Updated 30 September 2010
If someone said 'You must see this black and white film, it's set in the context of prohibition and gangsters' the memory of a hundred clichéd films will probably send you running.
But before you slip into your trainers and adopt the sprinting position, let's tell you some more. Some Like it Hot stars the dynamite comedy trio of the late Tony Curtis, the late Marilyn Monroe and the late great Jack Lemmon, with all of them wearing dresses for most of the film. It has guns, gals, comedy, Cary Grant impressions, tragedy, killer songs and killer punch lines (and they save the best one for last).
The plot twists and turns. Basically Curtis' and Lemmon's characters are musicians on the run from the mob, after witnessing a murder. Being broke and without transport, they only have one option - to join an all-girl jazz band. The band is going off to do a summer season at a Florida beach-side hotel, a location popular with millionaires, who moor their yachts nearby.
The boys settle in to their new lives quickly with Lemmon enjoying female bonding (while trying to avoid the attentions of a randy millionaire). While Lemmon is doing that, Curtis is planning a way to get together with the lead singer of the band (played by Monroe in a series of revealing attires), without giving the game away.
The film finishes with the boys on the run again following a twist of fate that brings their pursuers to the same hotel.
The music is fantastic - 1920s classic big band jazz - the filmmaking is brilliant, the casting is spot on and Billy Wilder's direction got the best from cast and crew. See it any way you can, but it must be said you can't beat the atmosphere of seeing it on the big screen especially in a period cinema.
If you don't laugh out loud at this film you better check your pulse...
Odd Little Facts
It was originally cast with Bob Hope and Danny Kaye with Mitzi Gaynor for Monroe's part.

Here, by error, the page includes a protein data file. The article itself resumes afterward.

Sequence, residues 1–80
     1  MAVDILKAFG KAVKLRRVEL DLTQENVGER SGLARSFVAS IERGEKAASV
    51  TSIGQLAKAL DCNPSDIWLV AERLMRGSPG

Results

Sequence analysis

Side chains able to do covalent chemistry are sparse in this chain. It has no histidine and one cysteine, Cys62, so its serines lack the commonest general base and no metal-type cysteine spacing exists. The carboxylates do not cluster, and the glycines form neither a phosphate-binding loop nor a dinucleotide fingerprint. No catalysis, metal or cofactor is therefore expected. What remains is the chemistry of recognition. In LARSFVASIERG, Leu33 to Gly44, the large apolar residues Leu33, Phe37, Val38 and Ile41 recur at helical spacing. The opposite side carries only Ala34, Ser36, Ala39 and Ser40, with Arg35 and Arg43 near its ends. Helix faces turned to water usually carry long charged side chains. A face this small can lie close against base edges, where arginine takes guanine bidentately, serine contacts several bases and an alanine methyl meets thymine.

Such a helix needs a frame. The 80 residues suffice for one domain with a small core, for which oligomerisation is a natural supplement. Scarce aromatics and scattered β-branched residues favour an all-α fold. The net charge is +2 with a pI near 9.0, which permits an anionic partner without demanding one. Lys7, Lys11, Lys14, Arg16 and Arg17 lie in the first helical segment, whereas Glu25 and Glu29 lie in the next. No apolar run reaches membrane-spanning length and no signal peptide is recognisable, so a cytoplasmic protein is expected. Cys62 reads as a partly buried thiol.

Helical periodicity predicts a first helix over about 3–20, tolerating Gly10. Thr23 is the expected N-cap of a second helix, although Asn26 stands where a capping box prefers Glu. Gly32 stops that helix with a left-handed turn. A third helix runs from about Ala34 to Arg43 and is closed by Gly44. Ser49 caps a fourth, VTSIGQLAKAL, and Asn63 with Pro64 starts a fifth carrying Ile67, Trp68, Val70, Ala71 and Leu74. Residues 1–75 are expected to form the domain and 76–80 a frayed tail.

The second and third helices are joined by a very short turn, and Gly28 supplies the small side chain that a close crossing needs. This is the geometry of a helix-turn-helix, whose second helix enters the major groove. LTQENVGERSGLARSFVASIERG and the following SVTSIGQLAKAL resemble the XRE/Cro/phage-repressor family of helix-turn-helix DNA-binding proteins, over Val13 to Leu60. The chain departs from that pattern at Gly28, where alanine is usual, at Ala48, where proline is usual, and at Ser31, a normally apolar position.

It was written by the director Billy Wilder and the producer IAL Diamond
It was also made into a musical many years later (1972 to be exact) called Sugar retelling the story but from Monroe's character's perspective. It's difficult to re-create greatness and the show closed after 505 shows (not a bad number but not great either. The show was resurrected in London calling it by its original name and scripted around its star, Tommy Steele, but when he left it bombed. At that point they gave up and left the film in peace until 2001, where it opened again, this time in Las Vegas, with Tony Curtis playing Osgood Fielding III!
It was inspired by the German farce, Fanfares of Love.
The whole gangster setting is indicative of the attention to detail of the filmmakers - it was chosen by the filmmaker to create a serious need for them to cross-dress not just because it is simply funny.
The mob killing they witnessed was the St Valentine's Day Massacre.
The hotel in reality is the Hotel Del Coronado in San Diego.
The costumes by Orry-Kelly won an Oscar.
Adolph Deutsch conducted the music as well as writing additional music.
It was not made in 1920 as it appears - it was made 1959!
The best place to see this film is in a period cinema, examples of two great ones in England are the Ritzy in Brixton, South London, (opened in 1911) and the Duke of York's in Brighton (opened in 1910).
Whoops! It is supposed to be night when Joe slips out of the hotel, but a daytime sky is visible.
Whoops! Florida beaches do not have high cliffs.
In 2001, The American Film Institute choose it as their favourite film comedy.
Apparently - thanks to Monroe - the film was hell to make. The stories about Monroe's lateness to turn up and her inability to remember her lines are legendary: in fact Tony Curtis at the time grew to hate her so much that when asked what was it like kissing Monroe, he said, 'it was like kissing Hitler'.
Wilder had many stories about her lateness on set. In his words one day Marilyn was supposed to be on set at 8.30am and she turned up at 2.30pm, and when he asked her what had happened she said 'I got lost'. He said:
We are filming at 20th Century Fox under whose contract you've been for six years, you have not moved house, the studio had not switched to somewhere else over night, so on the journey you must have done a 1,000 times, you get lost turning up six hours late?
There was a scene where all Monroe had to do was walk up to, and knock on, the door of a room with Curtis and Lemmon inside. She simply had to say 'It's me, Sugar' when Curtis asks 'Who is it?'. She over and over again got it wrong: 'Sugar it's me'; 'Cut!' She walked up again - 'It's me Sugar'. They eventually had to place a little sign just out of camera shot and on take 47 she got it right. Once inside the room things didn't get any better: after 63 attempts she finally managed to pull open various drawers and say 'Where's the Bourbon?'. You guessed it, inside the drawers were little notes saying 'Where's the Bourbon?'.
That said, the director has been quoted saying:
It should be easy to create a Marilyn Monroe, just get a small blonde girl with a sweet face, they should be coming out of the woodwork, but they aren't and they never were and never have been, she was very much one of a kind.